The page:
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How to research in Swedish parish records
Posted by: Judy Baouab (ID *****7724) Date: January 28, 2009 at 09:48:35
In Reply to: Re: Johnsons of Porter/Laporte Co. Indiana by jeaneen dougherty of 35043

If you want to do further research in Sweden, be sure to also post on the Sweden forum. Type Sweden into the "Jump to Forum" space at the top right of this page.

1. The records were kept in the parish, so it is important to see those records. They can be seen for free in Sweden, of course, and can be seen on microfilm you can see for free at the large Mormon Family History Library in Salt Lake City. However, you will spend a lot of money going to those places and you have to pay for hotels and restaurant meals, so researching in those "free" places isn't really free.

You can order microfilms of the Swedish parish records from any Family History Center.

You need to pay approximately $5.50 per microfilm for a month's use at the Family History Center and of course you'd need to pay this for all of the many films you need. You have to go to the Family History Center to order and then you wait a few weeks for the films to arrive from Salt Lake City. Then you have to go back to the Family History Center to view the film or films. If you have problems reading those films, you have to pray that someone there has knowledge of Swedish parish records. If not, then you need to scan the copies you make and post them online somewhere so that you can ask others to look at the record and help you.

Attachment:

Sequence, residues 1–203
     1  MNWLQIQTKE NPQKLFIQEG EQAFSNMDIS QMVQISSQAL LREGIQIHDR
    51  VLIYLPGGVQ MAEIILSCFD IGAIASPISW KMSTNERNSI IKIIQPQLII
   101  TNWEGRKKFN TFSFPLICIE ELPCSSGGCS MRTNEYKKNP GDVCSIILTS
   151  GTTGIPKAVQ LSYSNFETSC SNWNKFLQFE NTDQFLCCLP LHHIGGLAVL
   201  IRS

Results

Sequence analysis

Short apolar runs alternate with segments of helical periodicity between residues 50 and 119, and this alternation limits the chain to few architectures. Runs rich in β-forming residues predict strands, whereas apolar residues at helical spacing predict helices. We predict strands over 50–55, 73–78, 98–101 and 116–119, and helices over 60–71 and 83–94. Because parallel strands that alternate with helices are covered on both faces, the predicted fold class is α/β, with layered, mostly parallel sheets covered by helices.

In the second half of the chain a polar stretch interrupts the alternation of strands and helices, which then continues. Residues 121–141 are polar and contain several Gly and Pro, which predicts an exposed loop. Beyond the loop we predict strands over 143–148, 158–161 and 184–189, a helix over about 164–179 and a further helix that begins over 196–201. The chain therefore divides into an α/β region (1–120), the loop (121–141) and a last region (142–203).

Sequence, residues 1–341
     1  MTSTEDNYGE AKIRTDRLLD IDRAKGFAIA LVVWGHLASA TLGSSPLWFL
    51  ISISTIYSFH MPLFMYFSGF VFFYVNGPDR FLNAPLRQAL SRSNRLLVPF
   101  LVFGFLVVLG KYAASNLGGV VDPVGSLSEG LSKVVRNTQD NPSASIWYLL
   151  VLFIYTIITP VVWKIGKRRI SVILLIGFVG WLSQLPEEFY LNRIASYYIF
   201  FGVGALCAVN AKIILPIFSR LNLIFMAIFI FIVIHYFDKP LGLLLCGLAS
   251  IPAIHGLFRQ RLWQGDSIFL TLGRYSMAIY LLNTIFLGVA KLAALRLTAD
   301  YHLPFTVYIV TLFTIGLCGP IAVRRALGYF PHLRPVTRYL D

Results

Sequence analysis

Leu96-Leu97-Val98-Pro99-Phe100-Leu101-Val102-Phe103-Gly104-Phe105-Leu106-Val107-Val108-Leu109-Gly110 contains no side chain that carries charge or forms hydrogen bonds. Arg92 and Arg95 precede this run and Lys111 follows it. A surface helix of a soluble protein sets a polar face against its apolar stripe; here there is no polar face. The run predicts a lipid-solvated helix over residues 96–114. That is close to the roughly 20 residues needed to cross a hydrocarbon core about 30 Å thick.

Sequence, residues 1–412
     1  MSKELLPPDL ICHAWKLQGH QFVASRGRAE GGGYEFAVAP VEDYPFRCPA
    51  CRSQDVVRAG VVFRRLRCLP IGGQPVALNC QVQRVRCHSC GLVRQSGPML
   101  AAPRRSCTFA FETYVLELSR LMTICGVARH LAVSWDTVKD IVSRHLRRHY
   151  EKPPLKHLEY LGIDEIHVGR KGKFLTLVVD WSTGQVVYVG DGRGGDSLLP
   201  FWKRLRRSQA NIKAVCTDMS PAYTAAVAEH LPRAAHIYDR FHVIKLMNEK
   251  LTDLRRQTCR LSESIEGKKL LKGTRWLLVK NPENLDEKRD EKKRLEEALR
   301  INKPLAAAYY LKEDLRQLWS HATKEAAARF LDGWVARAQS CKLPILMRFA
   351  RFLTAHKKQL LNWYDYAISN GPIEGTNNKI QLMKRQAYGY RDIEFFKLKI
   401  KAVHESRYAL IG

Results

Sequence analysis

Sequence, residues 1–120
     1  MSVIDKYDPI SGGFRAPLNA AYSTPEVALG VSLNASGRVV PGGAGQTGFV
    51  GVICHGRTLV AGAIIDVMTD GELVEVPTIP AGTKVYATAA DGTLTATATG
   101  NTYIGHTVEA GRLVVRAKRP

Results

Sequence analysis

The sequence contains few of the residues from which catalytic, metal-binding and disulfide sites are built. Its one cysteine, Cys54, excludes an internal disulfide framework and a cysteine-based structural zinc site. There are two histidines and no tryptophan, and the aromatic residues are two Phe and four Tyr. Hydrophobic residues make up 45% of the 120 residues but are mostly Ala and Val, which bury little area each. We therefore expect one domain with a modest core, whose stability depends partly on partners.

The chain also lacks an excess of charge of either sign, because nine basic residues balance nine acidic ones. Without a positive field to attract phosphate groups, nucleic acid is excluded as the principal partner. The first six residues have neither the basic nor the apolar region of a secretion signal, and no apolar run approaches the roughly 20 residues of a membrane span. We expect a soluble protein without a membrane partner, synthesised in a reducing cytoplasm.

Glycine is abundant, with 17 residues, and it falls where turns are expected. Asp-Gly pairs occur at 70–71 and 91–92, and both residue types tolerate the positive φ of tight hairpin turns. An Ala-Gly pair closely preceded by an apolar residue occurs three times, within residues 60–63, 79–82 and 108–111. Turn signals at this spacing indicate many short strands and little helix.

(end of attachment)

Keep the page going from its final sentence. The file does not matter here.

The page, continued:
You could join the fee-based Genline site.

You have a variety of subscription plans to choose from, and there are frequent specials. Just as people seldom pay the sticker price on a new car, it is unnecessary to pay the regular amount for the subscription. Members of certain Swedish American groups or people who read particular genealogical magazines get huge discounts, and if you go to a genealogical conference where Genline has a table, you get the best discounts of all. Each page on Genline has its own unique page number, called a GID number (Genline Identification Number). You can make pages larger or smaller. You can even make the pages lighter or darker and you can't make that sort of adjustment on microfilm. If you have a problem reading a name or a location or a word on a particular page, you post the GID number and someone else with a Genline subscription can look at the record and help you out. Genline is the most convenient way to see the parish records. It is probably even less expensive than microfilm if you plan to see a lot of records.

There are some locations in the U.S. which have Genline.

2. The SweGGate website describes the Swedish parish records and gives advice on how to use them. Follow the Themes --> Church Records pathway on this site.